Following three years of successively reduced growth, the Camera & Imaging Products Association (CIPA) forecasts a small rebound in the camera and lens markets for 2021.
The latest CIPA graph of the camera market from 2018, 2019 and 2020.
A report released this month outlines the effects on the camera market of COVID-19 and the cancellation of many events. The postponement of the Tokyo Olympics, in particular, cast a shadow on the Japanese market, although camera shipments declined sharply in comparison with the previous year, particularly from February to July, which is normally a relatively high-volume period. The two graphs below provide a comparison of camera shipment numbers between 2019 and 2020.
These graphs confirm the CIPA report, which noted shipments of fixed-lens cameras ‘declined very sharply’, as did ‘interchangeable lens digital cameras (single-lens reflex and mirrorless), which now account for about 60% of total shipments’. However, although the year-end figure is low, the recovery has been progressing at a rapid pace since last fall, and monthly shipments of interchangeable lens digital cameras have continued to exceed 80% in volume and 100% in value since October last year. The two graphs below provide a comparison of the value in 1000-Yen increments of camera shipments between 2019 and 2020.
Interestingly, shipments of interchangeable lenses have ‘reached 1.7 times the number of interchangeable lens camera bodies’. This is seen as ‘a barometer that many fans continue to upgrade their photography systems and pursue photography’. CIPA’s 2021 forecast states: ‘Total shipments of digital cameras will be 107.2%, with 113.4% for interchangeable lens digital cameras. Double-digit growth is expected.’ By category, shipments of fixed-lens cameras should reach 3.51 million units, roughly 98.0% the volume of the previous year. Shipments of interchangeable lens cameras should reach 6.02 million units, representing a 113.4% increase and shipments of interchangeable lenses are predicted to be 9.74 million units, which is 108.0% the volume of the previous year.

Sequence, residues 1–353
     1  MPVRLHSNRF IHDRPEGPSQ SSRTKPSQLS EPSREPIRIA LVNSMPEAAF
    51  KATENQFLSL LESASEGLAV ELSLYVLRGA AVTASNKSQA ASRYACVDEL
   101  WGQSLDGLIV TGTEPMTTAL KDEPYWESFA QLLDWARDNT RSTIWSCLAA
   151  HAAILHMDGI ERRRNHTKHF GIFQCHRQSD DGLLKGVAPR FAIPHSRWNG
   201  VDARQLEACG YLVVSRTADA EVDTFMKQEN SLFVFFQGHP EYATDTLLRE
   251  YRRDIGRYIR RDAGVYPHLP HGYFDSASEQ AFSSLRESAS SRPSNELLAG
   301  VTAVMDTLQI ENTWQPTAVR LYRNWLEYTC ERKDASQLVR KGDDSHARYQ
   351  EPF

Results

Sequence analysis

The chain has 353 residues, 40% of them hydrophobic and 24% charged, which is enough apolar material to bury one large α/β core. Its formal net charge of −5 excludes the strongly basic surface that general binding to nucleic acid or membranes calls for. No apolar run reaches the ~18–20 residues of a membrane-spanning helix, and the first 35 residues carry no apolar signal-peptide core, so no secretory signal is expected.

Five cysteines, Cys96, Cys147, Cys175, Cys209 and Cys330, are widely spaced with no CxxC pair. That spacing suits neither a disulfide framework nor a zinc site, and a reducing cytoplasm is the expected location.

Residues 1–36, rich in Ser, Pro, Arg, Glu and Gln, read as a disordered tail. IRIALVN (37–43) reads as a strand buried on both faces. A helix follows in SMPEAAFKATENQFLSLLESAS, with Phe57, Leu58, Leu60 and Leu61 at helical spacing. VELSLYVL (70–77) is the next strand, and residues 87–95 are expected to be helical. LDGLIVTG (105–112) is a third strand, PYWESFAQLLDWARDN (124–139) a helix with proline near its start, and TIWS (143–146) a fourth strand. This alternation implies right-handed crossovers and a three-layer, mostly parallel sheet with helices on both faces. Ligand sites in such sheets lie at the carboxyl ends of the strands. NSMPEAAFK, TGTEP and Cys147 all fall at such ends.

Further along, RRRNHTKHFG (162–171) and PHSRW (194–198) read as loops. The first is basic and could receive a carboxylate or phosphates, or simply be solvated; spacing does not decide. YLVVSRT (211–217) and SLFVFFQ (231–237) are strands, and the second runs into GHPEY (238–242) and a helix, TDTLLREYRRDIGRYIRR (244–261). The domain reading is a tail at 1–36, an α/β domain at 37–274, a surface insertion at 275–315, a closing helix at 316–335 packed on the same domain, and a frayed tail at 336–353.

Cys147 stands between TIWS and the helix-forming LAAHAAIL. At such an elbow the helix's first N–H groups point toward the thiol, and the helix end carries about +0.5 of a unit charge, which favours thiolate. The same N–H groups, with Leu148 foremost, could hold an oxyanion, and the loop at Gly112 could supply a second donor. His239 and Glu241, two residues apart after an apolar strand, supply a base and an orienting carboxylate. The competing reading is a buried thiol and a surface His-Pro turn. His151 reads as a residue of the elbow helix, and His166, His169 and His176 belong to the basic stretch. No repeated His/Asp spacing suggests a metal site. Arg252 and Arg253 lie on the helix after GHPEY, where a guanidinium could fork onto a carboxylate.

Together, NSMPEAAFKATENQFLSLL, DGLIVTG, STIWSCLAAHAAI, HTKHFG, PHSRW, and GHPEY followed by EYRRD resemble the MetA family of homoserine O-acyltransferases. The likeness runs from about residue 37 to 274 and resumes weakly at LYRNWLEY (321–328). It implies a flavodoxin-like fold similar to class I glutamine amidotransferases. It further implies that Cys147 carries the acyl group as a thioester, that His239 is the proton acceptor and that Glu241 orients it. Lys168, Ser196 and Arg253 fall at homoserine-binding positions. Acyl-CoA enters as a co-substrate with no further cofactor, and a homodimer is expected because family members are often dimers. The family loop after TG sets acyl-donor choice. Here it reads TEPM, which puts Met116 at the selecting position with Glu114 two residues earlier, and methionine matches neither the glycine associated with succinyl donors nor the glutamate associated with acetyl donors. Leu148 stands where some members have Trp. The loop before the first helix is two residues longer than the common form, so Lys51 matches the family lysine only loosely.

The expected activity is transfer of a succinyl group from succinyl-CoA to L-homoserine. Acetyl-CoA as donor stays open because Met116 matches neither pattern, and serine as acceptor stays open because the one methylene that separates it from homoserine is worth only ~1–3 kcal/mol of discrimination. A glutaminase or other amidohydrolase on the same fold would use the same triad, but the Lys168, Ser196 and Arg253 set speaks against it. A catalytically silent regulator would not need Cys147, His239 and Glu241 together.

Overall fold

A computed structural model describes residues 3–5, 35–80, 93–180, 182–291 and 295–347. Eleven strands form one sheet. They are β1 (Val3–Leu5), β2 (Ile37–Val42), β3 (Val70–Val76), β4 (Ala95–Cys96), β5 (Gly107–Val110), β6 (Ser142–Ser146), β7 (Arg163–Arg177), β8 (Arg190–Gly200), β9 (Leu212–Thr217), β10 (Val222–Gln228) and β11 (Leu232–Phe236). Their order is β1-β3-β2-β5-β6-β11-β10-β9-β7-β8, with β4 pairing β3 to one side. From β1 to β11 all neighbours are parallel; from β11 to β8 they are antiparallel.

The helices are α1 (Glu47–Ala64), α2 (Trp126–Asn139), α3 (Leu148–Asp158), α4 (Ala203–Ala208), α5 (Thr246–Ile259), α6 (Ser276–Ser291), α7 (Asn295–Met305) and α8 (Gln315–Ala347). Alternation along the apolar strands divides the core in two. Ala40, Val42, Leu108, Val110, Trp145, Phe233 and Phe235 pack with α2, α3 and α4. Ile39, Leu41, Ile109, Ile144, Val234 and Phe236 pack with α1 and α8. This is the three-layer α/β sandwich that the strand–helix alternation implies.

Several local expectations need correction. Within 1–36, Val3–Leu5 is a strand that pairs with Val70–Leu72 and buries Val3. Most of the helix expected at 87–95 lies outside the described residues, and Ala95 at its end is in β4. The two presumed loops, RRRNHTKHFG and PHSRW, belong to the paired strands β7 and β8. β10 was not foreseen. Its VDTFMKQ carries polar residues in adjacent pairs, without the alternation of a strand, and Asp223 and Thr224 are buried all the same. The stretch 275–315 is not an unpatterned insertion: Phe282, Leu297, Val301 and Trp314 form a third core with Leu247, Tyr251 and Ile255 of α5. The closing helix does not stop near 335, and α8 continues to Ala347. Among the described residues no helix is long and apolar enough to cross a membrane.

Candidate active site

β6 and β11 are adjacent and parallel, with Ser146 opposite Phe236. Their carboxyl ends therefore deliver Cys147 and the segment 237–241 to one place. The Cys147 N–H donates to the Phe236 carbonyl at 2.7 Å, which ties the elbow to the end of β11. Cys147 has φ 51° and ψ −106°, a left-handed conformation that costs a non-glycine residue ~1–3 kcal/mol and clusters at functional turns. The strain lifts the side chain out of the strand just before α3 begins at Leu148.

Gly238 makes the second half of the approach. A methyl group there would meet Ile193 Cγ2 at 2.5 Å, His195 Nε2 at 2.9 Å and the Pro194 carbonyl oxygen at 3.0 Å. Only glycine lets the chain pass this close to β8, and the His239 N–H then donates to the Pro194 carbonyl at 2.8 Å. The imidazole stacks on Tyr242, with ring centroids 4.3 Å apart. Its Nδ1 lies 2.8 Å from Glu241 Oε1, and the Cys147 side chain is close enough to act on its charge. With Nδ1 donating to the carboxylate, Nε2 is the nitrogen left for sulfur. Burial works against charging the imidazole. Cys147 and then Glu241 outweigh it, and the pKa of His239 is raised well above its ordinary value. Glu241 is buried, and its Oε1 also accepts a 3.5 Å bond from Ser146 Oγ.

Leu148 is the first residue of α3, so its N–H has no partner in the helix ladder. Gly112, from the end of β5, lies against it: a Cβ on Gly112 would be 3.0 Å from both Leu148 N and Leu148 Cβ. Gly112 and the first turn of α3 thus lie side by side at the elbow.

The table above summarises the data and forecasts in the latest CIPA report.
CIPA has also released a ‘Statistical results & outlook’ document, which was scheduled to be distributed at the CIPA seminar at CP 2020, which was cancelled. Although missing 2020 data, it contains a couple of interesting graphs that show pricing trends in the camera and lens markets. We’ve copied some of them to enable readers to see long-term market trends.
This graph shows the shift away from fixed-lens compact cameras that has occurred since the introduction of smartphones with capable cameras. Note the up-tick in ILC and lens shipments since 2018.
This graph shows the market for lenses for interchangeable-lens cameras has more than doubled since 1990, reaching a peak in 2012, after the Global Financial Crisis had subdued but before COVID-19 arrived. The decline since 2012 reflects the overall market decline that has occurred in recent years.
This graph shows the average shipping price movements in the main camera market sectors between 2005 and 2019. Note particularly the shift to higher-priced mirrorless cameras and lower-priced DSLR cameras, which is likely to reflect discounting in the latter market as consumer preferences move towards mirrorless cameras.
This graph shows the rise in the average prices of lenses and the strong shift towards ‘full frame’ lenses.
CIPA statistical data can be found here.